The US dollar closed higher against all the major currencies during the holiday shortened week. The lack of liquidity may have exaggerated the weakness of Swedish krona and Norwegian krone, the poorest performing major currencies. Both lost about 1.5% against the greenback.
The least weak currencies were in the dollar-bloc. The Canadian and New Zealand dollars were practically flat, and the Australian dollar slipped 0.2%. The euro and sterling slipped about 0.5%, while the yen shed 0.7% of its recent gains.
All of this is political theater. The big story for the markets is not interest rates. It is the US Dollar.
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When the dollar falls, we are told it is logical. The empire is crashing and burning. When the dollar rises, the markets, we are told are manipulated. Well, the dollar is back, and the technical correction ended, near we told you it would.
The financial media is euphoric because stocks are rallying. But stocks are ALWAYS the last to “GET IT.” The currency markets (which trade $5 trillion per day) realize that something MASSIVE is underway. And it’s only just beginning.
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The US dollar's run stopped last week, but not before new highs were recorded against the euro, sterling, and the yen. By the end of the week, the euro had risen 1.4%, sterling 0.9%, and the yen had risen as much as the two of them put together. It was the biggest weekly gain for the yen in 16-months.
There is one pressing question that international investors will be mulling this weekend: How far and how long is the dollar's correction?
Deny it. Engage in all kinds of mental gymnastics to dismiss it if you must, but the fact is the US dollar is rising, and not just because of negative developments abroad, but positive economic developments in the US.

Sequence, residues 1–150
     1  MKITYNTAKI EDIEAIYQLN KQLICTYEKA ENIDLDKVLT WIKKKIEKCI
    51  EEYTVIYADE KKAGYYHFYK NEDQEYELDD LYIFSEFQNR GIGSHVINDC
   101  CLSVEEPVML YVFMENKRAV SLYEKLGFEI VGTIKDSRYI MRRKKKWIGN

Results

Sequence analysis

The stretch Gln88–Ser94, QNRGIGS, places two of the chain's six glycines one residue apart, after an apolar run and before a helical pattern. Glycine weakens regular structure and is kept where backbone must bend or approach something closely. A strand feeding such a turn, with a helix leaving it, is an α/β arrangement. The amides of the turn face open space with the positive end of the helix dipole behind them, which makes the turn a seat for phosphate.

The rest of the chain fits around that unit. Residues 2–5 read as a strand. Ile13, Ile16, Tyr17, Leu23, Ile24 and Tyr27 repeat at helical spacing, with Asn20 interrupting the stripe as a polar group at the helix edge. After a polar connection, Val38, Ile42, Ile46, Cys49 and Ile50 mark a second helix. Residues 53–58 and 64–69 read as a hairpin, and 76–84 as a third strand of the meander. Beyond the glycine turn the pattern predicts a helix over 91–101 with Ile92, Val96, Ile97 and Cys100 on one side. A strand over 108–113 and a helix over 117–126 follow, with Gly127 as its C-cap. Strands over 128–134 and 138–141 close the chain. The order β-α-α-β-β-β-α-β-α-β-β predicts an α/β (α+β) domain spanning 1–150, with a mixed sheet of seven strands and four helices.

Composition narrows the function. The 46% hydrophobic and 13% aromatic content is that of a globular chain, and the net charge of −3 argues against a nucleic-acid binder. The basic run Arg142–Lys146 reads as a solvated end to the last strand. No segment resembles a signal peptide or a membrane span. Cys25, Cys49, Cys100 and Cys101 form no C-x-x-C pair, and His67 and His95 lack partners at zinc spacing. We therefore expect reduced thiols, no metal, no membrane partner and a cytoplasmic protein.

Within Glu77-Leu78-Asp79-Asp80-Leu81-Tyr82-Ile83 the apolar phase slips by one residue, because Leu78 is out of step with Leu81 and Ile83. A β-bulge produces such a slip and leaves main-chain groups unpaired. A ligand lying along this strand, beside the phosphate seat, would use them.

A look at the global capital markets as if analysis matters.
Since May, CEO confidence among America's largest companies had stagnated - even as stocks did what they do and rise, rise, rise. That changed when Bullard (now explained as "misunderstood" by the market) set fire to stocks with his QE4 hints and Plunge Protection Team rescue. However, the last 2 weeks have seen a noticable collapse once again in CEO confidence, according to Bloomberg's Orange Book index, even as stocks reach new higher all-time-er highs. As Bloomberg's Rich Yamarone notes, recent earnings calls highlight the headwinds companies face: Executives cite “softness in consumer spending,” a “challenging” climate, “fairly stagnant economy,” and “cautious” optimism. Currency valuations are front and center.
Contrary to the death of the dollar chatter, the US currency continues to appreciate. Here's why there is still punch left in the bowl.
The monetary tectonic plates are shifting, and predicting the next global financial earthquake is relatively easy.
A look at the price action of the dollar, S&P 500 and US 10-year yields as if analysis matters.
What if global capitalism is not about to collapse? What if the sun rises next week, and the great apocolypse called for and predicted does not materialize yet, what then for the dollar?